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The Essential 5: Top Techniques Every Singer Needs

learning to sing vocal technique Aug 05, 2020

Hands up if you find that your voice starts to get tired or sore after a long singing session? Do you ever wish you had more power in your voice? More control over what it can do? Have you ever watched someone singing and felt like yelling ‘HOW DO YOU EVEN DO THAT?’

Enter Vocal Technique: The Solution to All Your Singing Problems.

I am a self-confessed vocal technique NERD. Why? Because vocal technique is the one thing that helped me

  • Gain control over my voice

  • Get more power with less effort

  • Stop getting tired after long singing sessions

  • Actually sing the songs that used to have me staring, open mouthed at YouTube videos thinking ‘this is live?!?!’

To give you more of an idea of vocal techniques and how they can help you, here’s an overview of 5 of my all-time favourite techniques!

Vocal Technique 1: Breathing

Truth bomb: You can’t sing without breathing. It doesn’t work. Yes, I know you’ve been breathing your entire life, but here’s the thing; we learn a slightly different way of breathing when we learn to sing. This method of breathing;

  • Gets you more air (hello long notes)

  • Takes pressure away from the neck, which means longer lasting singing sessions and less sore throats

  • Gives you more control over your voice

  • Genuinely makes your voice sound stronger and clearer

Personally, breathing is one of my absolute favourite techniques. When people ask me ‘what’s the most important technique for singers?’ my answer is always breathing.

Vocal Technique 2: Breath Management

I know, breath management and breathing sound like the same thing, but hear me out! Breathing helps you to get more air, more control and sound a little bit stronger.

Breath Management allows you to stand on a stage and belt out some crazy high and/or strong notes without putting in too much extra effort.

If you’re a person who stares at YouTube videos of amazing singers thinking ‘How do they make that look so easy?’ the answer is quite often down to good breath management.

In short, breathing gets the air in your lungs. Breath management is being smart about how you use it.

Vocal Technique 3: Mouth Shape

Shaping your mouth correctly might not sound like a vocal technique, but believe me - when done properly, this is a complete game changer.

Getting the mouth shape right gets you more power and clarity over your voice.

Next time you’re standing in front of a mirror, try singing a line or two of a song as you normally would. Then open your mouth more and try it again. Hear a difference?

Generally, opening your mouth more will give your voice a stronger, clearer sound. And guess what? Once you learn to control that mouth shape, you’ll have so many more options for different vocal tones you can use.

It’s also why you see singers open their mouth so wide when they sing. It helps them to get a great, strong tone and sound. Idina Menzel is a great example of this - it's one of the things that make her belts sound so magnificent.

Vocal Technique 4: Switching Between Registers

Background info: our voice is divided into different ‘vocal registers.’ To simplify it, the high part of your voice is commonly known as the ‘head voice’, while the lower part is your ‘chest voice’.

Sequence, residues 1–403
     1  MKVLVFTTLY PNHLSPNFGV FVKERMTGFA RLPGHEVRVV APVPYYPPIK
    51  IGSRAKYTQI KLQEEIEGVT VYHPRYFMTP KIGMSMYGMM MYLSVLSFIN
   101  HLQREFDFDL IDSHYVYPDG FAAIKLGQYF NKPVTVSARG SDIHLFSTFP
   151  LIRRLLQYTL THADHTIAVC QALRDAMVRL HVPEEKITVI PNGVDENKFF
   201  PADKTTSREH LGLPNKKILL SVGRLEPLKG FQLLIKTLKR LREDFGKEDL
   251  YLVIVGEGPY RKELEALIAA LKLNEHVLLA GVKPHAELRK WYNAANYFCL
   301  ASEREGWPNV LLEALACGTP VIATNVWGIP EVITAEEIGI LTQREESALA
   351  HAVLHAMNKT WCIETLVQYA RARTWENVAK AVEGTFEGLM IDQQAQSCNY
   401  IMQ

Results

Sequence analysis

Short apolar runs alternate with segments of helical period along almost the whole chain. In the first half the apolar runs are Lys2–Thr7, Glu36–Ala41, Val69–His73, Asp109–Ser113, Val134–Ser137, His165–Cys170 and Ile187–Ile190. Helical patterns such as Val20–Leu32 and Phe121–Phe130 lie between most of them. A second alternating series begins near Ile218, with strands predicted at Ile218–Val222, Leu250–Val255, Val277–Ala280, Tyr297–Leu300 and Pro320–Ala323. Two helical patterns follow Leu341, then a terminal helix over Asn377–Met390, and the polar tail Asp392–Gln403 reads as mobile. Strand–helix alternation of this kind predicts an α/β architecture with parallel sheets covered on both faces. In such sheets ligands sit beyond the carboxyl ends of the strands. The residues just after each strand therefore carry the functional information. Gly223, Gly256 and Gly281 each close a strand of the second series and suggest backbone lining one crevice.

When people first start singing, often they’ll try and keep in one register the whole time. If you’re someone who just cannot sing anything up high no matter how much you try, you might be chest voice dominant. If you can’t go low, you’re possibly hanging out in your head voice.

The easiest way to tell is by feeling! Put a hand on your chest and sing something. If you feel your chest vibrating while you sing, congratulations. That’s your chest voice.

Head voice is a little harder to detect, but a lot of people feel it resonating in their head while they sing.

Once you can switch between your registers, you can sing so many more songs simply because you can go higher and lower - and you aren’t limited to songs that are only sung up high or down low. So thank you, vocal registers!

Vocal Technique 5: Vocal Exercises

Okay, strictly speaking, being able to perform vocal exercises isn’t strictly a technique (though it is ‘technical work’.) Hear me out, though.

A few years ago, I managed to get this really awesome combination of infections that left me voiceless. (It started with a respiratory infection, then when I got over that I got tonsillitis, and before I managed to get over that I got pharyngitis. It wasn’t a lot of fun.)

I spent years trying to get back to my peak singing abilities, but the thing that finally made the difference for me were consistent and very gentle vocal exercises. I did this every single day for around 20 minutes.

The result is more than I could have hoped for! I can now sing consistently without fatigue and I’m back to my pre-infection singing abilities! (And very quickly growing beyond them.)

So vocal exercises now have a special place in my heart. Learning to exercise your voice correctly is super valuable - particularly if you’re someone who struggles with fatigue or soreness in the voice.

And that’s why vocal techniques are awesome!

So, if you have been wondering how you can get more power, more control, stop feeling tired after a long period of singing or just want to know how singers make stupidly hard songs seem so easy, there’s your answer! 5 Vocal techniques that seriously make a world of difference for singers.

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